Have a pet emergency? Here's how to prepare to make it less stressful

John Gregory Image
Tuesday, September 12, 2023
Have a pet emergency? Here's how to make it less stressful
Needing to rush your pet to a veterinary hospital can be scary, but being prepared can help ease some of that stress.

Needing to rush your pet to a veterinary hospital can be scary, but being prepared can help ease some of that stress.

Here are some ways to prepare your furry family member in case of a medical emergency.

First, you'll want to have a first aid kit.

It should include things like gauze, bandage wraps, antibacterial cleanser, isopropyl alcohol and antibiotic ointment. You may also need a muzzle for your dog as they could bite if they're in a lot of pain.

Keep the kit where you can find it easily and bring it along for any adventures with your pet.

Pet first aid courses can also teach you what to do if your pet is choking, bleeding or having a heat stroke. However, there are times when you might need to take them to the vet.

Dr. Amber Karwacki says a sign that they may need to be taken to the vet is when they're displaying behavior like staying off their feet and not participating in their usual play sessions or walks.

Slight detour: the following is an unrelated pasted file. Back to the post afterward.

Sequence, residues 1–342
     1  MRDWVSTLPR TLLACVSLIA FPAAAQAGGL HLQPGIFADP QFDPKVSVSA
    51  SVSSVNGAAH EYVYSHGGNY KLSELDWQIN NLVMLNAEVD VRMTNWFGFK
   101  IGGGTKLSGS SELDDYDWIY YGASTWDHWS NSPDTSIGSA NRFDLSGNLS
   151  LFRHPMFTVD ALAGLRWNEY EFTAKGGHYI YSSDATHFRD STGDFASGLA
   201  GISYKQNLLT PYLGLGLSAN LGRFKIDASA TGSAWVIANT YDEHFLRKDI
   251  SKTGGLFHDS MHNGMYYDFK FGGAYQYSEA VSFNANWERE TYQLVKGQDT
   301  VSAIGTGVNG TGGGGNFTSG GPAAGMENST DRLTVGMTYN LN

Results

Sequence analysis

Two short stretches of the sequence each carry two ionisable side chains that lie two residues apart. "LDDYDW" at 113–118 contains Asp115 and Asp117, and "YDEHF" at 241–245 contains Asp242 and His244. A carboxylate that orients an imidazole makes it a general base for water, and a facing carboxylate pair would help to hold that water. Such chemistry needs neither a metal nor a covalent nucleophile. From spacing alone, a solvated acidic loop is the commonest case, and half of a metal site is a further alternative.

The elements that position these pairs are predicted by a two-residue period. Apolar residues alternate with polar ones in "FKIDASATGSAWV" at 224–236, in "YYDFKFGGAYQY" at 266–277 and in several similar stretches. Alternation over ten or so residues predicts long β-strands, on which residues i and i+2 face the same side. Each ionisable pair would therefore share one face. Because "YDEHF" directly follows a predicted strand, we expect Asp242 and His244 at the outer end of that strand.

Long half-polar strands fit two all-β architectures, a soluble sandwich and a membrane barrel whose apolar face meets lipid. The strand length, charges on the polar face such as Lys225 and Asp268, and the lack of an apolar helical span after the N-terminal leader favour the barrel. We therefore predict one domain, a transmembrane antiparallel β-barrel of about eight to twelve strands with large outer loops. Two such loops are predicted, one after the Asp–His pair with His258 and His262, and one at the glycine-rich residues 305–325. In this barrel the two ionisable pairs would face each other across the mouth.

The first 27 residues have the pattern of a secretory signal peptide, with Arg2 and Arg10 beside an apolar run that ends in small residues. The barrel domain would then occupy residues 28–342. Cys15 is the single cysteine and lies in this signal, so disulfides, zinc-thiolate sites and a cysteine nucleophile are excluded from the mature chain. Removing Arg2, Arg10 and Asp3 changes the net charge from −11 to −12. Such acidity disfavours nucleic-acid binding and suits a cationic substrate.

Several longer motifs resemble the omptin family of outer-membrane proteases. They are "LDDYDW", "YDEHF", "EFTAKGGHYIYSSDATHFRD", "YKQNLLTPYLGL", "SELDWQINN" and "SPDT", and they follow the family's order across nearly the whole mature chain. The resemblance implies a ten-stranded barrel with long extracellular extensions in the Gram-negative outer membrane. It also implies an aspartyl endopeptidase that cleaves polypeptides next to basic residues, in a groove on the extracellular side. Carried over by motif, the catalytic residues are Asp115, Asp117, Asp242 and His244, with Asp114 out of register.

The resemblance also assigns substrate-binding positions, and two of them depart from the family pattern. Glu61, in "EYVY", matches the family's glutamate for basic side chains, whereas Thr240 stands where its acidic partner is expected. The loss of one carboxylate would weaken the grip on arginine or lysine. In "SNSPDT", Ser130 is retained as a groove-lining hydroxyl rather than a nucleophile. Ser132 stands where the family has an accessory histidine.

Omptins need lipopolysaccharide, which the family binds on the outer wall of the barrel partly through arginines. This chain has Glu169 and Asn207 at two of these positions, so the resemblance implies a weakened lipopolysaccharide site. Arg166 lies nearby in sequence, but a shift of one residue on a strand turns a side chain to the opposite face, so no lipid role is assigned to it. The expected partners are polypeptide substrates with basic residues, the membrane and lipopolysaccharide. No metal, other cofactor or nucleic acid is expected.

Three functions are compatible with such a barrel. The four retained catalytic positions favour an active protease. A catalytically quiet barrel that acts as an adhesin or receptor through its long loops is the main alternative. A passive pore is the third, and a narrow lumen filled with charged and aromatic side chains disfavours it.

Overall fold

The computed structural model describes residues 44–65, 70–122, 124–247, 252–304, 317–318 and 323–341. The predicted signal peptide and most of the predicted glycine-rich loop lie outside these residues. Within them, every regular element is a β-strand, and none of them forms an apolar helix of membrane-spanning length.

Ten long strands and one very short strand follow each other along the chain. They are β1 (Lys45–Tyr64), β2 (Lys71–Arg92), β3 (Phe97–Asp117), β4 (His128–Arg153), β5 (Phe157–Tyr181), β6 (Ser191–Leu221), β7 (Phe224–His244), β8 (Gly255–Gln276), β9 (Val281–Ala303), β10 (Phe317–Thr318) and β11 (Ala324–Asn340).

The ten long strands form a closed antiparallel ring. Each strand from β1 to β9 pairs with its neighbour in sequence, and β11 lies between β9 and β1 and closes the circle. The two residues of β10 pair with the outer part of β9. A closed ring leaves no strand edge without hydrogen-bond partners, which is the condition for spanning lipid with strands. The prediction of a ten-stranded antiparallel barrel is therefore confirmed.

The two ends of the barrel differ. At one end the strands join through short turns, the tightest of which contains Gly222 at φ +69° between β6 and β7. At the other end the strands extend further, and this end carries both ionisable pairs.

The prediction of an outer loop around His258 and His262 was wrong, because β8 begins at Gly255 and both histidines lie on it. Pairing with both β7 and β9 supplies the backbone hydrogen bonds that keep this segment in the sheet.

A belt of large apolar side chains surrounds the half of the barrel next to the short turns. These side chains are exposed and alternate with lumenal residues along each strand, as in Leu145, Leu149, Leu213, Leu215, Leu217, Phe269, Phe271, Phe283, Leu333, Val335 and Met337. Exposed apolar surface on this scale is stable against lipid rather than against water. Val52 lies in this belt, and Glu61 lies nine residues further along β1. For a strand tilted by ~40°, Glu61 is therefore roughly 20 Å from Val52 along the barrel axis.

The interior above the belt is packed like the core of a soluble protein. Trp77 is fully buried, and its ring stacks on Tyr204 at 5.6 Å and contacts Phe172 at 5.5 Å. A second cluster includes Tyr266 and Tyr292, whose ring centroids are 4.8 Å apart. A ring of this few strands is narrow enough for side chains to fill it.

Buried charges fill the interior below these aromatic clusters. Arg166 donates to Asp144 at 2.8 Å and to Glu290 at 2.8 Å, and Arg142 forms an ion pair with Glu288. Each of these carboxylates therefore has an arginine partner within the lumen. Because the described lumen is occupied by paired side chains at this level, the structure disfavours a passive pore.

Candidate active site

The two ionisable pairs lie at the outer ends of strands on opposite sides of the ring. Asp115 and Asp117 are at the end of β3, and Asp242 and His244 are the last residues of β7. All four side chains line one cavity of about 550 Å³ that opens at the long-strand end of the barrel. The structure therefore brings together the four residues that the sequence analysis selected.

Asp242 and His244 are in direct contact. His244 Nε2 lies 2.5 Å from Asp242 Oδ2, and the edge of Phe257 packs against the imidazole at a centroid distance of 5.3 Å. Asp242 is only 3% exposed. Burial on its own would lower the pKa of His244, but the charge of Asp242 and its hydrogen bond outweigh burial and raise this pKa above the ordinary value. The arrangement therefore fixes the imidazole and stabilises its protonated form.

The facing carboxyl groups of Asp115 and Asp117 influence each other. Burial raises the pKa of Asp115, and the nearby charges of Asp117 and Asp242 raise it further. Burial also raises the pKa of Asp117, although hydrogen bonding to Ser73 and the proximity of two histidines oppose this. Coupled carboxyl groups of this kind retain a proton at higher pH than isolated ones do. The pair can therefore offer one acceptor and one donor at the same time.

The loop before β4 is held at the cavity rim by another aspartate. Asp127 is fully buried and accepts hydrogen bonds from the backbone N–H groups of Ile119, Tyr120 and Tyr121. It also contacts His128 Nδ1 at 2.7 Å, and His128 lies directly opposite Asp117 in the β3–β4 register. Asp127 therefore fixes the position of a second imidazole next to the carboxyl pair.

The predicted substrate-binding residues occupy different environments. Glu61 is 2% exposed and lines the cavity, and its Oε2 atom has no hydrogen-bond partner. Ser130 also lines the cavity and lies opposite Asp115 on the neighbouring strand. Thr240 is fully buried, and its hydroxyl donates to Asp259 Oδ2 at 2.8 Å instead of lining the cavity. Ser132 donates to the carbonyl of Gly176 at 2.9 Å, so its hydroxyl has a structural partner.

"Any vomiting or diarrhea, definitely give us a call. Minor coughs and sneezes - if it's occasional, that's fine, but if it's getting more frequent... we need to see them," she said.

Cat owners may need to be a bit more watchful as felines tend to hide their illnesses. Something might be wrong if they're walking funny, they aren't using the litter box quite right or they just aren't behaving like their usual selves.

Getting your pet comfortable with their carrier, the car and their veterinarian can also cut down on stress.

Karwacki recommends that cat owners keep their carriers out where they can see them.

"Maybe put their favorite blanket in there, a toy, maybe even feed them in their carrier so it's not something of a surprise that they're getting shoved into at the last minute, and they're comfortable in that space."

You can also make vet visits less stressful for your cat or dog by getting them used to the car, stopping by the vet for treats and focusing on low-stress handling.

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